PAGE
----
Dr. Leida Javier-Farrell distinguishes herself by means of her tireless commitment to community, especially but not limited to, her work with Hispanic communities. Dr. Javier-Farrell is one of the co-founders of the Hispanic American Business Association of the Gulf Coast, an organization that has a long history of supporting Hispanic economic and cultural development in the region. She is currently a lead partner and President of Javier-Calametti, LLC, where she lends her diverse background in workforce development, business development, and various nonprofit and corporate boards to her work as a consultant. Dr. Javier-Farrell currently resides in Mobile with her husband Stan; she has one son and two grandsons who also live in Mobile.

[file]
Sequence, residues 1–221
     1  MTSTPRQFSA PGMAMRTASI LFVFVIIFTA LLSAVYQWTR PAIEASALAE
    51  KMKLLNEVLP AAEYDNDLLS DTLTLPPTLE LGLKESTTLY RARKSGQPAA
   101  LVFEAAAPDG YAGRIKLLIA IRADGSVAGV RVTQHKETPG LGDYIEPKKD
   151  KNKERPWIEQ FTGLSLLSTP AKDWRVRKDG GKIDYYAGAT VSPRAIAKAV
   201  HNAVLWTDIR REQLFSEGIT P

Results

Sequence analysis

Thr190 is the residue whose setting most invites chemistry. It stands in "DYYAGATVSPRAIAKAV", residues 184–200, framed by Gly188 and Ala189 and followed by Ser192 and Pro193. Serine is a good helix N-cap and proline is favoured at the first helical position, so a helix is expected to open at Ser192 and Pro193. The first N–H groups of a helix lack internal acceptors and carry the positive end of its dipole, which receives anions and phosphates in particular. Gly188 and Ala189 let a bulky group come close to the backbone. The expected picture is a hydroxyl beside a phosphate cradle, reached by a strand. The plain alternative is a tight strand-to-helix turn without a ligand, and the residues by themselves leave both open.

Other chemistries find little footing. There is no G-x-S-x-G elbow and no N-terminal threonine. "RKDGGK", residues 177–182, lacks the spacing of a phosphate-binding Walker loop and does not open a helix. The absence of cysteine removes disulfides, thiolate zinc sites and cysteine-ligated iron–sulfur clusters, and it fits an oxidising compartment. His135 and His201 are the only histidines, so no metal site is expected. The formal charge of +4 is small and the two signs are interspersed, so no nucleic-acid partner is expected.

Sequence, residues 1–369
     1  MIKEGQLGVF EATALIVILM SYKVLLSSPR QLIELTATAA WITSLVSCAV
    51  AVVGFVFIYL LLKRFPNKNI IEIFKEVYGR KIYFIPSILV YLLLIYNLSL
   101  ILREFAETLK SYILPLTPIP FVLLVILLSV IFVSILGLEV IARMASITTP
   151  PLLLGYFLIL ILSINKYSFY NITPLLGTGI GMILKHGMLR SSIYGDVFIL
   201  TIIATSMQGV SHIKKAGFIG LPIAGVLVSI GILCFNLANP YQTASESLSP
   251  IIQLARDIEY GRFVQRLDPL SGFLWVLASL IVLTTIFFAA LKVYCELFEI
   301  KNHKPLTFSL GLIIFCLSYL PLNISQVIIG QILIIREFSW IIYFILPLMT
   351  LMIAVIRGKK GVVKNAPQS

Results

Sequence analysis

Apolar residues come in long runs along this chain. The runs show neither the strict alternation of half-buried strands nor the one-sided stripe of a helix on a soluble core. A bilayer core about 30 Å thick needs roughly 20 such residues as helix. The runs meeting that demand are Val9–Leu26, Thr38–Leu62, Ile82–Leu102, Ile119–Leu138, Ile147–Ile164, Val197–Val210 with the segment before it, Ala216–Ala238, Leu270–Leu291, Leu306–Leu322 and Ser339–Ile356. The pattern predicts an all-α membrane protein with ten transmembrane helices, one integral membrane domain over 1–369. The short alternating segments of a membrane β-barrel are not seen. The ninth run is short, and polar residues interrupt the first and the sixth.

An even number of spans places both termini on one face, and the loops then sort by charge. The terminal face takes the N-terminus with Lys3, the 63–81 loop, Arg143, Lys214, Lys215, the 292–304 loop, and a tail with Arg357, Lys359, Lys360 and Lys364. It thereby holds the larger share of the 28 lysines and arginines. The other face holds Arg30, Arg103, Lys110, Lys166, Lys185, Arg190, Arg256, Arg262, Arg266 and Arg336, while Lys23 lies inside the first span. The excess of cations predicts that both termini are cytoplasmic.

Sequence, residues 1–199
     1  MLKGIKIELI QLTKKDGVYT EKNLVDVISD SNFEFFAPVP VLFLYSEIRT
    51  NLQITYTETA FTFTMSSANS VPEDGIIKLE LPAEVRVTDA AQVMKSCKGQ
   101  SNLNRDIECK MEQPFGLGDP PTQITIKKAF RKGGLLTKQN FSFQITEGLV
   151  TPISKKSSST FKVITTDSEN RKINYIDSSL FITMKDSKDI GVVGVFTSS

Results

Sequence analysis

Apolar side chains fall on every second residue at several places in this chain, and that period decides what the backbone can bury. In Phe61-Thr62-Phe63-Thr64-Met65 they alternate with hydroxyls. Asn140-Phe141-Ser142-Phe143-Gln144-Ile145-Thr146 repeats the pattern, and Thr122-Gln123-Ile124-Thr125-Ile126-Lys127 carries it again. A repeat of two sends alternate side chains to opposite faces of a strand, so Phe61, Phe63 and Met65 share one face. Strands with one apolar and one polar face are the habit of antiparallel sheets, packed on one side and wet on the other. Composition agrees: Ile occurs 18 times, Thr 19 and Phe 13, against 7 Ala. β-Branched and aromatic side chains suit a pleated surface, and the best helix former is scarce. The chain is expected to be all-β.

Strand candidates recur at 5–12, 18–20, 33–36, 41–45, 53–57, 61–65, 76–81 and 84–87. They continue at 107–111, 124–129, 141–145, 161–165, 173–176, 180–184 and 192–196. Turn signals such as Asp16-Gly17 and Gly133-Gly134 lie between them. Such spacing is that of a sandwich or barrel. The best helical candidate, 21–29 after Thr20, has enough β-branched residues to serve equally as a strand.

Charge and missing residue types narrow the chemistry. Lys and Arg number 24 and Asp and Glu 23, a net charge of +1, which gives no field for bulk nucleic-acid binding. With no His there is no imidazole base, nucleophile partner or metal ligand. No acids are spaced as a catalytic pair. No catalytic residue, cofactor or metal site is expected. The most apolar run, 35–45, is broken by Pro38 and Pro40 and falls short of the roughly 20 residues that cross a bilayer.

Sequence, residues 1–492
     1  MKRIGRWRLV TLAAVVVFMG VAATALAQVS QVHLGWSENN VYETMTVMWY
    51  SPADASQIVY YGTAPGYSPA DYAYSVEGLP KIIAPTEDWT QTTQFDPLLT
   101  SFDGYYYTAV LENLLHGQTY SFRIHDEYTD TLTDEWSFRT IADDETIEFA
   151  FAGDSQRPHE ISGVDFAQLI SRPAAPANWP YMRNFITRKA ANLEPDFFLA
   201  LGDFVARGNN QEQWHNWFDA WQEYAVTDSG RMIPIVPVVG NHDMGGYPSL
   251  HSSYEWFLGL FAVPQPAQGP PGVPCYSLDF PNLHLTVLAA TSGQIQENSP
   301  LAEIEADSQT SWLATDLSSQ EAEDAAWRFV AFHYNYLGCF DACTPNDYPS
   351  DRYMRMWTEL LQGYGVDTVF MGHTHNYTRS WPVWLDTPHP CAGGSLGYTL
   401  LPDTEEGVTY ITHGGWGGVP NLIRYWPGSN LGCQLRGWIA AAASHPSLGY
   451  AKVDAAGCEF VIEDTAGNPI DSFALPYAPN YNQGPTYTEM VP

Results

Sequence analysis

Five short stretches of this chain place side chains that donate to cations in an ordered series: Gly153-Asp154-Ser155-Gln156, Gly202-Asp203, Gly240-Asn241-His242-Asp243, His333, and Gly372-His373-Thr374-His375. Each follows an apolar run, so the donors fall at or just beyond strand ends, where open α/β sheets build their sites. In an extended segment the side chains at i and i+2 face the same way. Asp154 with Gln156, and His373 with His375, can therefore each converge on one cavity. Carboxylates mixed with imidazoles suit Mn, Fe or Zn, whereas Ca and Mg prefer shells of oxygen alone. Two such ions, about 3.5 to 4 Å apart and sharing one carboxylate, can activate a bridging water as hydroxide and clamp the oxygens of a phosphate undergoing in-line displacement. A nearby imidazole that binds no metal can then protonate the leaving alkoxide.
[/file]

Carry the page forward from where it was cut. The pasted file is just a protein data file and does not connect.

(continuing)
Tell us about your business(es)/employer. List services offered and/or work you do and how you describe what you do to others:
It’s a woman-owned business involved in different aspects of workforce development and collaborative business development. We offer strategic consulting services and solutions for businesses in a myriad of industries from hospitality to higher education to international sales.
Share any relevant education, accolades, experiences related to your success:
I received my B.A. in Political Science from the Inter-American University of Puerto Rico, my M.A. in Sociology at the University of Northern Iowa, and I earned my Ph.D. in Educational Administration and Foundations from Illinois State University.